Philip_Marlowe wrote: ↑
Thu Aug 24, 2017 1:48 pm
I've only posted a handful of times but I have found reading Bogleheads over the past few years to be incredibly useful in helping me learn about handling finances and, more importantly, learn to think critically about my financial goals and how to achieve them.
DW and I have been incredibly lucky the last few years. I am currently a second year associate at a biglaw firm and DW works in education. 2017 income is projected at $275k with an anticipated increase to $325k in 2018. We live in a HCOL area but have been lucky to keep our expenses (relatively) low while enjoying a high quality of life.
I actually enjoy biglaw for the most part and don't see myself leaving in the next few years. DW enjoys her job and it's stable.
We're trying to figure out our saving/investing priorities for the next year or two and find ourselves torn. The options we are debating are:
- Pay down debt more aggressively
(pro: more flexibility, guaranteed roi con: debt is at low interest rates and we are already paying fairly aggressively)
- Begin taxable investing
(pro: good long term returns, simplicity con: market at historic highs, not tax efficient, locks up cash)
- Save for downpayment on house
(pro: we like the area and see ourselves here longterm con: housing is INSANE here and we would likely need to spend north of $1.5M to get something we want, that kind of expense terrifies us)
- Save for additional rental properties
(pro: cashflow and long term appreciation, we have enjoyed the experience of being landlords so far con: possible nightmare tenants, time intensive)
Very open to thoughts and suggestions. Thanks to all!
Total Assets: $360k
Total Debts: $-293k
Net Worth: $67k
- Promissory Note: -128 (2.04%, due 6/2026)
- Institutional Student loan: -16 (0%)
- First Republic Student Loan: -149 (1.95%, due 4/2021)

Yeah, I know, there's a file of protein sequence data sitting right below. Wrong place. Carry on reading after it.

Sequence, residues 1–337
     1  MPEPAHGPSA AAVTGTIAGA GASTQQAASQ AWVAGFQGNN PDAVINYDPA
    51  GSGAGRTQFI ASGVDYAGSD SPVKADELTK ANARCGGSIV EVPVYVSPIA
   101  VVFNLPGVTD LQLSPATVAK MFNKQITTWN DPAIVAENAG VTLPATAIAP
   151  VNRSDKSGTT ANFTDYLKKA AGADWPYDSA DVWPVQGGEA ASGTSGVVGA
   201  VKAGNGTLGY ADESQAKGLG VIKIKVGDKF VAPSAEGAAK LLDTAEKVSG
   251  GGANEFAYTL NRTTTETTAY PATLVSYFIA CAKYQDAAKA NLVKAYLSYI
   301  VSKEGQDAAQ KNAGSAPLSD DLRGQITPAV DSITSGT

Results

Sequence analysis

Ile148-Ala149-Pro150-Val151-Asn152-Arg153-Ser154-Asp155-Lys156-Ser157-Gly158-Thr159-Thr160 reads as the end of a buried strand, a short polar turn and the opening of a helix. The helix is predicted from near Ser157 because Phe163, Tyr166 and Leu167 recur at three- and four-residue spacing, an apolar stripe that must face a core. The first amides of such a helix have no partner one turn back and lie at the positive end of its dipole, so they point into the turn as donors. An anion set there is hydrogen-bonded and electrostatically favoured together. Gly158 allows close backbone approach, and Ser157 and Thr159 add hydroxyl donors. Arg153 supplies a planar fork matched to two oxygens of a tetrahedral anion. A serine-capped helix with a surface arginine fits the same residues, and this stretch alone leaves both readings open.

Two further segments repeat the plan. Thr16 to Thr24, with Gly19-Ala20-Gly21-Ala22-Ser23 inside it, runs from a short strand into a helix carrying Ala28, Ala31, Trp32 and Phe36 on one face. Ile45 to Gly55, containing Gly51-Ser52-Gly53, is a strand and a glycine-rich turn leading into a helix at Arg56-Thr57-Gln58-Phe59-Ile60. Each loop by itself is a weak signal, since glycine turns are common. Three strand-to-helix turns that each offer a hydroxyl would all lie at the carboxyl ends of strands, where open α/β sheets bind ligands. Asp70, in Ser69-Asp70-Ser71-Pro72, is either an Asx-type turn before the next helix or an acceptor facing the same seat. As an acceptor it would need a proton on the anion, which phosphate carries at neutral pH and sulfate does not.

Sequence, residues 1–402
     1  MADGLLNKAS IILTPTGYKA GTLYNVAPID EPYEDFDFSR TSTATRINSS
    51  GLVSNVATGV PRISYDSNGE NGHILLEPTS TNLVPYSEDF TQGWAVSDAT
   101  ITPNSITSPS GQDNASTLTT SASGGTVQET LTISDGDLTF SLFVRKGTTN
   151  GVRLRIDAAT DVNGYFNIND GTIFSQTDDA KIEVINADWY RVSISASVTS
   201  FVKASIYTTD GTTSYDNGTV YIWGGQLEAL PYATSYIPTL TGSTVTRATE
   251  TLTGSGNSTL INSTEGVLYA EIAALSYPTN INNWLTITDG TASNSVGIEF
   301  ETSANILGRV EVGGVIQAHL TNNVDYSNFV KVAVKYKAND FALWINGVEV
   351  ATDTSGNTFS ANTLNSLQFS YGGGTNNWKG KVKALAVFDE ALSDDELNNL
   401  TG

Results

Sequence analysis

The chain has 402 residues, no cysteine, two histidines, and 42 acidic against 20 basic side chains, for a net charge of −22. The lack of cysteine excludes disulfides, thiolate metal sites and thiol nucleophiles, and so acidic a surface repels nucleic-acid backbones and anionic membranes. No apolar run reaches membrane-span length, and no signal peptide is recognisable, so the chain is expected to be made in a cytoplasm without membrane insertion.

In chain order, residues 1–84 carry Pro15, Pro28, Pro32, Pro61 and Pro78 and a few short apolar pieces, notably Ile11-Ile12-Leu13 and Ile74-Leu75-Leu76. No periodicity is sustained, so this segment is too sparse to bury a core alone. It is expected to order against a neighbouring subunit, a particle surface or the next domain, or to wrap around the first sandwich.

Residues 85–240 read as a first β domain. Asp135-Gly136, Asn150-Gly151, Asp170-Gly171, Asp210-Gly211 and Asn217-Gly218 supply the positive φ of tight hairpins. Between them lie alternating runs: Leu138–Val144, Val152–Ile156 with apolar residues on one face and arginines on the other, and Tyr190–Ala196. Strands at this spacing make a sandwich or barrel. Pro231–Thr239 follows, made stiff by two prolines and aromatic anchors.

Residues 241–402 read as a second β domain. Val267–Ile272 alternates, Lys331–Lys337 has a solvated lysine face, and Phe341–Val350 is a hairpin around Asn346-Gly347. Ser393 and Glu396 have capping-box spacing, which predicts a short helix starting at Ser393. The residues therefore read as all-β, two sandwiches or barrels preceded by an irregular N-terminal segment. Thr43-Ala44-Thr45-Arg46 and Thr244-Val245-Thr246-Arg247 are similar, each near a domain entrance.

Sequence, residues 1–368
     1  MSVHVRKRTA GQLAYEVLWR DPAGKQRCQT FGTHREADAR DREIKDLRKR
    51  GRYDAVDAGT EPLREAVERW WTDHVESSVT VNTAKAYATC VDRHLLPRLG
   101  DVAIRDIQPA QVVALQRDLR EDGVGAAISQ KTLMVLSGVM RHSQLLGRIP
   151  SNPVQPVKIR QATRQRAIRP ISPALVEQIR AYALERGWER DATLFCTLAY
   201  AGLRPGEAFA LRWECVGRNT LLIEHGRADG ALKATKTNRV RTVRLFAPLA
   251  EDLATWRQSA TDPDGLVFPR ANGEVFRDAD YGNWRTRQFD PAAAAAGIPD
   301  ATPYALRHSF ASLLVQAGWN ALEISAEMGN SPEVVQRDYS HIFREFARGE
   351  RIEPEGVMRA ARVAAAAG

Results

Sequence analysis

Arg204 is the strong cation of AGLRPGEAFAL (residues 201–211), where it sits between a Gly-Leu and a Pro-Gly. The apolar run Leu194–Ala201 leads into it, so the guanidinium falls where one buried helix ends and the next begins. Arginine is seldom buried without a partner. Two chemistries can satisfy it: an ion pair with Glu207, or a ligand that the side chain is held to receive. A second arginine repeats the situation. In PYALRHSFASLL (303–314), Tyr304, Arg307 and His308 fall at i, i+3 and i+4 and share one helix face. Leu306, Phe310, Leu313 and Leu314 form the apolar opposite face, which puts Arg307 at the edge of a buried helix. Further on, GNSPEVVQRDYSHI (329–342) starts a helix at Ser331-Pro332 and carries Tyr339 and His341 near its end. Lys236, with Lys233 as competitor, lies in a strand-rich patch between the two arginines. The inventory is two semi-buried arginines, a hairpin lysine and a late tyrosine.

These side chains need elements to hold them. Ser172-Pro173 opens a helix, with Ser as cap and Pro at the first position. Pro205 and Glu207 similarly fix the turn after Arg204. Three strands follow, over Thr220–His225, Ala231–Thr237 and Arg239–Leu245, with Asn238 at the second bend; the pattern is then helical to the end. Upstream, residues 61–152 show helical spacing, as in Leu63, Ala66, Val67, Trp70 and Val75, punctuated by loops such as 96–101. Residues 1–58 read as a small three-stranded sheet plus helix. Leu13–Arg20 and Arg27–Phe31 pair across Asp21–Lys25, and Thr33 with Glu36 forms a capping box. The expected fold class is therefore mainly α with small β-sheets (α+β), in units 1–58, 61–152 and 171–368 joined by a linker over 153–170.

- Cash: 30
- Rental: 178 (at purchase price)
- Other: 3
- Retirement: 149
The first thing is to be careful of killer-blonde dames named Carmen Sternberg
On your current debt interest rates, I would not accelerate retirement of debt. You are repaying fast, you say, and it's cheap money.
It's a hard call on the rest, because you have too many uncertainties.
Max out tax deferred accounts. That's pretty clear.
Build up a cash reserve in ibonds. Sort of a baseline 12 months expenditure if you had to sharply curtail your standard of living e.g. if your law firm went bust or you lost your job. ibonds can be a useful part of this. Remember to include maintenance payments on your student loans in that situation.
I like the idea of a portfolio of rental properties. As another poster points out, by no other route will you be in a position in 10-15 years where you could kick back and stop. However it's also pretty risky-- tying yourself to one area, housing market and risks of tenants, bad buildings etc.
You will need c. 300k for that home. Yes that's terrifying. But those of us who live in HCOL areas (LA, NYC, Boston, Washington DC, London UK etc.) live with that. Other than a brief period in the dot com boom, I have never managed to make housing equity less than half my net worth.
So in this order:
- tax efficient accounts maximized (think you do that already?) for both partners
- cash reserve in ibonds (a long term investment that, as I understand it, can in time serve as a cash reserve)
- cash reserve for further property purchase-- personal or rental (TBD which)
- long term investment in taxable accounts
- debt retirements
You are probably looking to build up $300k of cash (and $150k as a minimum) and that will take 2-3 years?
If we enter a bear market in stocks or houses, you might then bring forward your housing/ taxable account investing decision.